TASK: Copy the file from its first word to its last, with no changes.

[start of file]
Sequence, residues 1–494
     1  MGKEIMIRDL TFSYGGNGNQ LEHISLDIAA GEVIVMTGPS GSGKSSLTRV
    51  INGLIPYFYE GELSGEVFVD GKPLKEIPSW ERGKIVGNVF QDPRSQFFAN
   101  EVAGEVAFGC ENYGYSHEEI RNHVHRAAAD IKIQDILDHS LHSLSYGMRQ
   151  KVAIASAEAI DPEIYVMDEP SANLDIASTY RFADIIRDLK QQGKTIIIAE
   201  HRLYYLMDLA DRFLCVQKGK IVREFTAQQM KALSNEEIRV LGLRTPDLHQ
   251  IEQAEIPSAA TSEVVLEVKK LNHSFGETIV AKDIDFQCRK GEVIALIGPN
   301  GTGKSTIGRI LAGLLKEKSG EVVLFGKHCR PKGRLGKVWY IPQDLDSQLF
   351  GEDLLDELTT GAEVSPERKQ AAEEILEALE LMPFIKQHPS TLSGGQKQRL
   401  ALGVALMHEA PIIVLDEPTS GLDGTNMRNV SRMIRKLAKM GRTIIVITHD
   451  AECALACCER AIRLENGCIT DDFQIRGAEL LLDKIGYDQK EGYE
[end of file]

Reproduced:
Sequence, residues 1–494
     1  MGKEIMIRDL TFSYGGNGNQ LEHISLDIAA GEVIVMTGPS GSGKSSLTRV
    51  INGLIPYFYE GELSGEVFVD GKPLKEIPSW ERGKIVGNVF QDPRSQFFAN
   101  EVAGEVAFGC ENYGYSHEEI RNHVHRAAAD IKIQDILDHS LHSLSYGMRQ
   151  KVAIASAEAI DPEIYVMDEP SANLDIASTY RFADIIRDLK QQGKTIIIAE
   201  HRLYYLMDLA DRFLCVQKGK IVREFTAQQM KALSNEEIRV LGLRTPDLHQ
   251  IEQAEIPSAA TSEVVLEVKK LNHSFGETIV AKDIDFQCRK GEVIALIGPN
   301  GTGKSTIGRI LAGLLKEKSG EVVLFGKHCR PKGRLGKVWY IPQDLDSQLF
   351  GEDLLDELTT GAEVSPERKQ AAEEILEALE LMPFIKQHPS TLSGGQKQRL
   401  ALGVALMHEA PIIVLDEPTS GLDGTNMRNV SRMIRKLAKM GRTIIVITHD
   451  AECALACCER AIRLENGCIT DDFQIRGAEL LLDKIGYDQK EGYE